BEHIND THE GOLD
Achieving a dream
February 7, 2017
This is a story about the dream of four teenaged girls. It’s a story about best friends who came from different backgrounds in sport from across America. It’s a story about inspiration and the power of sport heroes. In a way, it reads a bit like a fairytale. Except that it really did happen, just as they had dreamed.
Katharine Ogden and Julia Kern, both 19, are New England natives who cross country ski race together at Stratton Mountain School. Hannah Halvorsen, 18, is a California girl from Truckee, skiing out of Sugar Bowl. Hailey Swirbul grew up in Carbondale, CO skiing with the Aspen Valley Ski & Snowboard Club before moving to Alaska.
The dream they shared was a bit different than that of most teens. Walking around the streets of the Adirondack Olympic village of Lake Placid in September, 2015, they talked about their heroes – the American girls on the World Cup tour. They envisioned themselves with USA painted on their faces and glitter on their cheeks. And then there were those crazy relay socks their heroes wore.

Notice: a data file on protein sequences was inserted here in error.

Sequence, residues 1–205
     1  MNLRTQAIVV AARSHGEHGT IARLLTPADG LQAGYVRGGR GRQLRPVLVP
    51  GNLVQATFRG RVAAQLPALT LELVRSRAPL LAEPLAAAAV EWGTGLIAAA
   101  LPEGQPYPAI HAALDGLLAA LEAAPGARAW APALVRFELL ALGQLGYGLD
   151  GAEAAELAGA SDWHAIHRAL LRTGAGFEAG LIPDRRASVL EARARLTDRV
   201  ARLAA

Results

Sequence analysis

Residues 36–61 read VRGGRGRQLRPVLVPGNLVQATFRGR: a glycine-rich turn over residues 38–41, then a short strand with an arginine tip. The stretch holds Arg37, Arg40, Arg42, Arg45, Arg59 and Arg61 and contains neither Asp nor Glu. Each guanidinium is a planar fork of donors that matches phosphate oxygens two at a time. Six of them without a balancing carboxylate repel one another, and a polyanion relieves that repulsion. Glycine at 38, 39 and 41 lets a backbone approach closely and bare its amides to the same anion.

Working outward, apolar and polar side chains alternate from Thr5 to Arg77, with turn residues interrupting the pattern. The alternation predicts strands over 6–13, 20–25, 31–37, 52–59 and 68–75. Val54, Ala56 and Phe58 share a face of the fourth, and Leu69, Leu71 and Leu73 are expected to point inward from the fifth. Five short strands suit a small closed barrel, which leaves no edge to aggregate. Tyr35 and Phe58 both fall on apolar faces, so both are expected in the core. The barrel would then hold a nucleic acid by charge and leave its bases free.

“We've just loved seeing the girls in the relay,” said Ogden. “The four of us have been really close friends for a long time. It was our dream to have the four of us on a relay team together just like the national team.”
A decade ago, the USA was not a player in international cross country ski racing. Today, seven different women have stood on World Cup podiums. And in the relay event held twice a year, the USA has now become a threat. What the U.S. women have done to achieve that level goes well beyond athletic training. It’s about team. It’s about supporting each other. It’s about dressing up for relay days to build team spirit. And it’s about winning.